Will You Go Ape for Kong: Skull Island?
Expectations are funny things. I went into Kong: Skull Island with the lowest of them. I’ve never been a fan of the franchise — I walked out of Peter Jackson’s overlong 2005 reboot, skipped the ’70s version despite Jeff Bridges and Jessica Lange, and was underwhelmed by the original’s primitive special effects. Yet the latest incarnation proves to be something entirely unexpected: a witty, well-acted and genuinely scary commentary on the Vietnam War, and by extension contemporary politics.
Director Jordan Vogt-Roberts made an impressive small-scale debut with the little-seen coming-of-age comedy The Kings of Summer a few years ago, but nothing prepared me for the scale of what he’s put on screen here. Set in 1973, just as the U.S. is pulling out of Vietnam, the story follows a team of military men (led by a scary-good Samuel L. Jackson) and scientists, along with a tracker (Tom Hiddleston, the film’s weak link—he constantly looks like he’s posing for a perfume ad) and an “anti-war photographer” (Brie Larson, an actress of preternatural gravitas). They travel to an uncharted island, ostensibly to map it, but it turns out to be part of a plot by a seeming crackpot (John Goodman) to prove the existence of monsters.
Upon arrival, the squad starts dropping bombs for bogus research purposes and awaken the sleeping giant, thus setting off a round of guerrilla — er, gorilla — warfare. A contrast is drawn between the no-win-situation Vietnam conflict (“We didn’t lose: We abandoned the war,” Jackson’s career soldier insists) and World War II via the discovery of a Pacific Theater vet (John C. Reilly, a welcome blast of comic relief) who’s been living in the jungles since 1945. “Did we win the war?” he asks, to which he’s answered, “Which one?” “Figures,” he says sardonically.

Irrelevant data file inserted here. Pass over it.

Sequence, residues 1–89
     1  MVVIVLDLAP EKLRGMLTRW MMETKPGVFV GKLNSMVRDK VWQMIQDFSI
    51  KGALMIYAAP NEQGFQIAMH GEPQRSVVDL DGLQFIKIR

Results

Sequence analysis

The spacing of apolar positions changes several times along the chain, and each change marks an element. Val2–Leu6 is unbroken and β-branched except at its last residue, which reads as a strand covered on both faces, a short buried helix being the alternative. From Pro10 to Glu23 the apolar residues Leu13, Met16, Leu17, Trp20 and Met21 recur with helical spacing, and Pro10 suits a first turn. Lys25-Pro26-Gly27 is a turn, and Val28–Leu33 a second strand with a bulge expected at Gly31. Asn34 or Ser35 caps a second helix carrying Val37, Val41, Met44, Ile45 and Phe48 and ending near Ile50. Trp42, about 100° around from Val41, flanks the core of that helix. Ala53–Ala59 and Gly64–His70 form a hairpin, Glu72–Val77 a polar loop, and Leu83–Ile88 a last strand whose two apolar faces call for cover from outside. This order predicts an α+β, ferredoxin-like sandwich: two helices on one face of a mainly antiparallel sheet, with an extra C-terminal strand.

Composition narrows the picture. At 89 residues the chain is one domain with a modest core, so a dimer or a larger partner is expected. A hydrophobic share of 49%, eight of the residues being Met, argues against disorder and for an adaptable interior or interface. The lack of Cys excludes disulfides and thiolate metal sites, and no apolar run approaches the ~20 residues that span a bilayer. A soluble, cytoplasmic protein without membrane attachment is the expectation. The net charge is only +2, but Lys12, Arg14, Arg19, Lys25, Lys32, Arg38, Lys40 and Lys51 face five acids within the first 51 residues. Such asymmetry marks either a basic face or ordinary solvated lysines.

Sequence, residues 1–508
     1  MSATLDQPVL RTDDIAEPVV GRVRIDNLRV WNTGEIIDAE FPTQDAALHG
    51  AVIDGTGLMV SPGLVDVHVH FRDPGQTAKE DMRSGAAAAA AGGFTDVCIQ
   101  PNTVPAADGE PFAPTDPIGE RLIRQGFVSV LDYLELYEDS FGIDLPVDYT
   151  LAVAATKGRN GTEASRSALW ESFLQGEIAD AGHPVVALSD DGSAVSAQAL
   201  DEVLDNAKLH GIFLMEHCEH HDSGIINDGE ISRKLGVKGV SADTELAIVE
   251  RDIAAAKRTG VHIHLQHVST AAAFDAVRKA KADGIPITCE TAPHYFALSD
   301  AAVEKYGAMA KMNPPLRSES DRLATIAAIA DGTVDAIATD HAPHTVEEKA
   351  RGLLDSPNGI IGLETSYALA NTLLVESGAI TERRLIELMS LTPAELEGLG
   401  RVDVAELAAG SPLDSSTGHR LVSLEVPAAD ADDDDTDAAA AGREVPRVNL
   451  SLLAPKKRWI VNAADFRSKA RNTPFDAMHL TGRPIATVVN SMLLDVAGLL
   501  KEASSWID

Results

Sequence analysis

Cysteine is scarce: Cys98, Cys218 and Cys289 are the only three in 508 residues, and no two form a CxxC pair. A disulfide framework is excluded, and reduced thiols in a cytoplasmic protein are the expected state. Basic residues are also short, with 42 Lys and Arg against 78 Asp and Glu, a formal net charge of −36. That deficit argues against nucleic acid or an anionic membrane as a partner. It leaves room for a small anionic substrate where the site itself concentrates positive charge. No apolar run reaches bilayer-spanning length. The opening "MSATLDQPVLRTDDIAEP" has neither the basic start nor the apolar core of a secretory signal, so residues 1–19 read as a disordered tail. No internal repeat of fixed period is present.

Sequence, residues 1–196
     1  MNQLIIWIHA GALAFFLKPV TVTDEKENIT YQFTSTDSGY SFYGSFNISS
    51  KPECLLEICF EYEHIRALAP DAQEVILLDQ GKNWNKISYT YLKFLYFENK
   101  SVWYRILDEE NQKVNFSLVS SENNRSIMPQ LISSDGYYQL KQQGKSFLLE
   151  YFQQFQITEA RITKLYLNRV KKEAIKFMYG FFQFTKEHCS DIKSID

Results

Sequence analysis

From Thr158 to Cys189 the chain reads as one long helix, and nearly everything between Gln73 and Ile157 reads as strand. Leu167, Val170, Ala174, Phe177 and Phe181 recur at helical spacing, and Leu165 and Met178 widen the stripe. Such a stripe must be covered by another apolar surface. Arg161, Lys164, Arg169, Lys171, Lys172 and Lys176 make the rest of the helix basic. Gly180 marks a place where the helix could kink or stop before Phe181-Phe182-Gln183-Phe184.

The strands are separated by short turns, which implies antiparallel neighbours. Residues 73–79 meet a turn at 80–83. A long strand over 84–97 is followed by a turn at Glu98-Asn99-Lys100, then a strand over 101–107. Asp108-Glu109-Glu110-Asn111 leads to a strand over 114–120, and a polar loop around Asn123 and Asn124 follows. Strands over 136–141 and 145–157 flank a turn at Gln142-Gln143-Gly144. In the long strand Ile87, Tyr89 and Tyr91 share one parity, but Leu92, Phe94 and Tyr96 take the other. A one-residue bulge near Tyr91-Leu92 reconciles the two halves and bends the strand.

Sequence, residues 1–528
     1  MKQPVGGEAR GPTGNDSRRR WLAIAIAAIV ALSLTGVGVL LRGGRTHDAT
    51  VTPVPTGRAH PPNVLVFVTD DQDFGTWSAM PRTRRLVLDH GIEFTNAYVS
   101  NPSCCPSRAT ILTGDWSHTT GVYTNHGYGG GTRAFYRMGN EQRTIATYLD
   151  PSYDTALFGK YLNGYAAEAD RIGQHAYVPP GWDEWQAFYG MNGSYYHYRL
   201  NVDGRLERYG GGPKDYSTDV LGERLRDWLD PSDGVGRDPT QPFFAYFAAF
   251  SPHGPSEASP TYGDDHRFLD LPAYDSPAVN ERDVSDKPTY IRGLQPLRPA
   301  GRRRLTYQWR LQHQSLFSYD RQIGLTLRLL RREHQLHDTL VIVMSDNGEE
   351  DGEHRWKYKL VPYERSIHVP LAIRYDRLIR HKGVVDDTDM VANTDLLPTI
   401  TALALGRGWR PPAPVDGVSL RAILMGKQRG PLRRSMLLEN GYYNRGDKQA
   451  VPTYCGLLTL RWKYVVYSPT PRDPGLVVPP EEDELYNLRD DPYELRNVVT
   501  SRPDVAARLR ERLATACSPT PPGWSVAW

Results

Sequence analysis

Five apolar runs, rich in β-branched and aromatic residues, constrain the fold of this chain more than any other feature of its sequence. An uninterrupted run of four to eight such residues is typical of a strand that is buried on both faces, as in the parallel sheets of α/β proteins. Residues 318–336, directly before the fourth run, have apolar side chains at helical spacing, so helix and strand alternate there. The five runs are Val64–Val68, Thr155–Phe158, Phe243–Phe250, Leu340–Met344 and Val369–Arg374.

The real war turns out not to be between Kong and the humans but soldiers, who just want to blow the big guy away, and scientists, who realize he’s protecting the island’s native inhabitants from even worse monsters, including a truly terrifying species nicknamed “skull crawlers.” This conflict takes Kong: Skull Island from an evocative ’70s period piece, with sweeping visuals and a Creedence-heavy soundtrack reminiscent of Apocalypse Now, and turns it into a timely social satire. “It’s never been worse in Washington, D.C.” Goodman cracks in the opening scene, as Nixon resigns in the background. It’s a knowing joke that would be even funnier were it not for the real monster currently inhabiting the White House.
Vogt-Roberts populates his cast with top-notch actors, including Straight Outta Compton vets Jason Mitchell (as an endearing grunt) and Corey Hawkins (as a brainy scientist), Boardwalk Empire‘s consistently brilliant Shea Whigham, Me and Earl and the Dying Girl‘s winningly off-kilter Thomas Mann, and The Job‘s expertly understated John Ortiz. Plus, the peerless Richard Jenkins makes an uncredited cameo as a world-weary U.S. Senator. The screenplay, co-written by Dan Gilroy, writer-director of the equally eerie media satire Nightcrawler, doles out clever dialogue to everyone, and only Hiddleston fumbles his lines.
Kong: Skull Island would be worth seeing for the locations alone; shot by ex-Lost cinematographer Larry Fong in Hawaii, Australia and Vietnam, it’s one of the most beautifully photographed films in recent memory. And it’s worth staying until the very end; for once, a post-credits scene actually provides valuable information pertaining to where the franchise is headed, should it continue. I hope it does. These filmmakers are up to much more than monkey business.